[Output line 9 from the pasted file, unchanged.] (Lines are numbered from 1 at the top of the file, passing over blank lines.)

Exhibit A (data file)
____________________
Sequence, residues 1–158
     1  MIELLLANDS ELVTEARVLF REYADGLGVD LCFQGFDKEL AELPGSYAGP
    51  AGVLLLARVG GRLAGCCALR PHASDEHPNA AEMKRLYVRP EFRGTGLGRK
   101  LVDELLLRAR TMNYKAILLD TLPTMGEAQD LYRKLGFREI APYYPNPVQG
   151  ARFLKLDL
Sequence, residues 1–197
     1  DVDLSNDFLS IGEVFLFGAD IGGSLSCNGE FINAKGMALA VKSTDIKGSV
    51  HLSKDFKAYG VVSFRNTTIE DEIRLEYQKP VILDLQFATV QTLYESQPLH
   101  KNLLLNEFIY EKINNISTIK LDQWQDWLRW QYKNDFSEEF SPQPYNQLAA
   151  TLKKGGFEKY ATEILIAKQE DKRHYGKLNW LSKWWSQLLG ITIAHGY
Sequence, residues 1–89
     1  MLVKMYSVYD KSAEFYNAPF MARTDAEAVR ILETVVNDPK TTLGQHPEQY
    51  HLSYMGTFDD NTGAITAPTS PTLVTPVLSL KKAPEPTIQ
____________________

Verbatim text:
   101  KNLLLNEFIY EKINNISTIK LDQWQDWLRW QYKNDFSEEF SPQPYNQLAA